For NRIs living in the US, the name Devyani Khobragade has turned into a rather scary reminder of the 'law of the land' that's more like an iron fist. The otherwise nondescript name, Devyani has turned into a popular keyword for search engines on the net, following her arrest that has nearly soured the bilateral ties between countries. She is the new name for 'international insult'.
However, what is rather surprising is the incident of Indian Deputy Consul General bringing a heightened sense of insult to India, after the media reported that she was 'strip searched' following her arrest recently, and was held in captivity for six hours before being released on a quarter of a million dollar bond. Reports said she was strip searched, put in jail with drug addicts and the likes. Her fault: having produced fake documents to bring in her baby sitter Sangeeta Richard into the US, and paying her domestic help only one third of what's approved as labor charges in that country.
It's a point apart that Indian metropolitan court had issued an arrest warrant against Sangeeta, who is deemed absconding from June this year. Was it a matter of coincidence that the United States of America didn't take this into consideration before proceeding to arrest the diplomat while she went to the school to drop her child for the day?
What got the Indian leaders and diaspora all flared up was not any one part of the indignation, but ALL of it. And, as far as the US is concerned, this 'uniform' treatment meted out to those at fault, has been so since ages and across diplomats from world over. Or so, the country claims.
Interestingly, all the charges that have been leveled against Devyani, are also partly charges against Sangeeta who has provided the so called 'false' documents to the diplomat. That the documents were fake is something for America to decide after holding discussions or investigating into those records bolstered with evidence. Wait, the whole thing looks cagey here.
Did America have information about the impending arrest of Devyani? In that case, why didn't the country initiate a proper dialogue with its Indian counterpart to discover the veracity of the documents than simply arresting a diplomat and putting her behind the bars? And to understand that America's motto 'all are equal (suspects)' stretches to only searching Indian diplomats and their associates, even to the extent of searching former President of India Dr Abdul Kalam Azad does say something about the caution that America will now need to practice. How about basing our fears on something than a simple 'hunch' that something could be wrong?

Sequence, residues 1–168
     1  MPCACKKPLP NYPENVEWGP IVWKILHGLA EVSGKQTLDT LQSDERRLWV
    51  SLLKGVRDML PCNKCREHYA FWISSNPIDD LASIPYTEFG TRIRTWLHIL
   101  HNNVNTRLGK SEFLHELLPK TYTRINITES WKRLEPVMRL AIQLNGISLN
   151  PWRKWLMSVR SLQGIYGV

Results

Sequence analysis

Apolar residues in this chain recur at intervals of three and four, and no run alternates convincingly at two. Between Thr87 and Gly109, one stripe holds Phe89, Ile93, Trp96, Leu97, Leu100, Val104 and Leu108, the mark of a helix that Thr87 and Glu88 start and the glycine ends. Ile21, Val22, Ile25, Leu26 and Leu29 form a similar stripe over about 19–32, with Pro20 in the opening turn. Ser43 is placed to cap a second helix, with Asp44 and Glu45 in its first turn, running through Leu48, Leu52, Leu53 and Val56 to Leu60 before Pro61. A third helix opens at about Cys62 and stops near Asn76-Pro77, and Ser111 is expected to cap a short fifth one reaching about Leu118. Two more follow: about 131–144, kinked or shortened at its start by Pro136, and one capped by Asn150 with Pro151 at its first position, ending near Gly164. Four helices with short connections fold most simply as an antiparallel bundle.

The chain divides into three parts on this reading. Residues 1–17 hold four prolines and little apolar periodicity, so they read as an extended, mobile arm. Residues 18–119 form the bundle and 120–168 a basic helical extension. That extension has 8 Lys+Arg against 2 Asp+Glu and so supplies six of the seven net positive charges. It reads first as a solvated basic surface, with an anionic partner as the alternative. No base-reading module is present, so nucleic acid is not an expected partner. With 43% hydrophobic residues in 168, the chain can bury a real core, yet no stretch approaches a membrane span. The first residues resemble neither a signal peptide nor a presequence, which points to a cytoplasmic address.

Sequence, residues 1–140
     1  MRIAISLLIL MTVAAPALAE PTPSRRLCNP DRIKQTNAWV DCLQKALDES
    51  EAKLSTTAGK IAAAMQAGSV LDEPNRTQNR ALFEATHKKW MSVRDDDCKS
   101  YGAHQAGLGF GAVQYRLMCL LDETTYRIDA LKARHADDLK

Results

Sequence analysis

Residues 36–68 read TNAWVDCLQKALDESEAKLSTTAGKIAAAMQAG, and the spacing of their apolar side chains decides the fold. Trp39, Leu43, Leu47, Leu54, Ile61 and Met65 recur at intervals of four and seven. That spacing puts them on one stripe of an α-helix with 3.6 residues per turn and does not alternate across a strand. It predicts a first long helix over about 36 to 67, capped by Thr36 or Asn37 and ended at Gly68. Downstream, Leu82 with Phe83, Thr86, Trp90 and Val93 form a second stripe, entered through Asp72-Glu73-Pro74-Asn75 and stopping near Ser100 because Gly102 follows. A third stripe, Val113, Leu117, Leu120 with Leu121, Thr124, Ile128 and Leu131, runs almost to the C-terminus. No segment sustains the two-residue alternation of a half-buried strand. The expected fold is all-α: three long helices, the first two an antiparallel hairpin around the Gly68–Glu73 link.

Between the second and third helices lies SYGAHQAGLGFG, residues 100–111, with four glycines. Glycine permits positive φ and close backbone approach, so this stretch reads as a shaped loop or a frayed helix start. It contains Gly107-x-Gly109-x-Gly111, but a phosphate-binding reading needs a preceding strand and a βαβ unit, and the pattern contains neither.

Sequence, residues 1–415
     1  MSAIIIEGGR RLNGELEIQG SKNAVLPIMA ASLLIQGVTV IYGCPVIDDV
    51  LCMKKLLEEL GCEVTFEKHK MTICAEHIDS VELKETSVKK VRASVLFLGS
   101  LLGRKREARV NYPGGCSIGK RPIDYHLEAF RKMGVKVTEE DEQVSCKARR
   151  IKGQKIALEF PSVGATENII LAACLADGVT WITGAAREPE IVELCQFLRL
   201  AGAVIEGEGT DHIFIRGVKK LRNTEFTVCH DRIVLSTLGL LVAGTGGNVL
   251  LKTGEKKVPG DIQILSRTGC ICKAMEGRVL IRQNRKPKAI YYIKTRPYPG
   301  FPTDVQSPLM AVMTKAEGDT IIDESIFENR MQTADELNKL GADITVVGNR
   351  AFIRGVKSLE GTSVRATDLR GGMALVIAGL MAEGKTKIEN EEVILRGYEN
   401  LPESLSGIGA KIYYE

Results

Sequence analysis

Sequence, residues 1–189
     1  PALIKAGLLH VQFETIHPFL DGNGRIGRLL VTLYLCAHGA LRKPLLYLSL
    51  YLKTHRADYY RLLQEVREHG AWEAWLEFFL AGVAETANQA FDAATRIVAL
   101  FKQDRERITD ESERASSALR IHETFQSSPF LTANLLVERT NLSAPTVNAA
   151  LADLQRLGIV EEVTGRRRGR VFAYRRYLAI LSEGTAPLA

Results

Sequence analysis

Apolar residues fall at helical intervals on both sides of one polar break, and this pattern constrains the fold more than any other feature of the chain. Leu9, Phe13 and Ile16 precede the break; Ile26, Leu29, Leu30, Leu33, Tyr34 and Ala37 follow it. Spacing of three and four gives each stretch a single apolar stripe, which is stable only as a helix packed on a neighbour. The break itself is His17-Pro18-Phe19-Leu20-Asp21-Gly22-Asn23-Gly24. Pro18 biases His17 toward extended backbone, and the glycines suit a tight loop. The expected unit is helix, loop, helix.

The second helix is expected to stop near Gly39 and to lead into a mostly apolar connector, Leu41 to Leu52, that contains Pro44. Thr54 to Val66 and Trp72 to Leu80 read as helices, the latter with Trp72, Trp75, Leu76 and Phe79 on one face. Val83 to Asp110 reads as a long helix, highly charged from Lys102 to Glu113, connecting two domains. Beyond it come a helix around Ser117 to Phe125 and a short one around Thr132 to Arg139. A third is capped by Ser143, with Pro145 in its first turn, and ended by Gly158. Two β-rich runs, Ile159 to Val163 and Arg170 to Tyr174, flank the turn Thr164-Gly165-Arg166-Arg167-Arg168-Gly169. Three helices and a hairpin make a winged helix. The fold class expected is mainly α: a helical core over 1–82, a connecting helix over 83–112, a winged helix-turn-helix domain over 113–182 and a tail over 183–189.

Let's look at the other side of the coin. America, with its short history in comparison with other countries in the world, is still a toddler in human aspect. The land of opportunities also lives in perpetual fear, and has also been battling probably the worst times in job generation, sagging economy and strained ties with other nations, along with losing the space of prominence. Losing throne and the crown is never a good feeling. So, what happens then? The judiciary system, and any other 'procedural' system, is applied with greater force in order to reassure the people of the nation that the country isn't losing the grounds yet.
It is a matter of introspection and also retrospection to understand whether the specified labor charges which is little above nine dollars per hour with fixed work timings, is being followed by at least majority of the Americans who employ help at home. And, do all American expats respect the law of land wherever they are stationed?
The issue that was supposed to boost the strained images of Obama administration had a boomerang effect on India. The ruling party, which saw this as an 'almost personal insult' immediately set with a series of knee-jerk reactions which could even be termed diplomatically not-so-intelligent.
Firstly, India never even made a whimper when its former President was searched on arrival on its shores. If this was not an insult, India need not take Devyani episode seriously, unless there are others cobs to be cooked now.
Digressing a bit, US has jumped the gun with respect to diplomats (and their relatives) in the past too. A diplomat's daughter was arrested in New York two years ago on charges of sending obscene messages to her teacher in the college. The case, fell flat on its face when the officials, after handcuffing and putting her in captivity for over 24 hours, couldn't nail the role of Kritthika Biswas, daughter of diplomat Debasish Biswas. If that was a facepalm, this is a proper diplomatic face off for both countries, which need to look at reconsidering their relations, future and common enemies in order to secure the days ahead, instead of training guns on each other.
If this episode can teach both countries to prepare their officials to deal with the laws of land, and the terms associated with diplomatic immunity, it can avoid such situations from repeating themselves over and again, allowing the other countries to have a good laugh at their expense.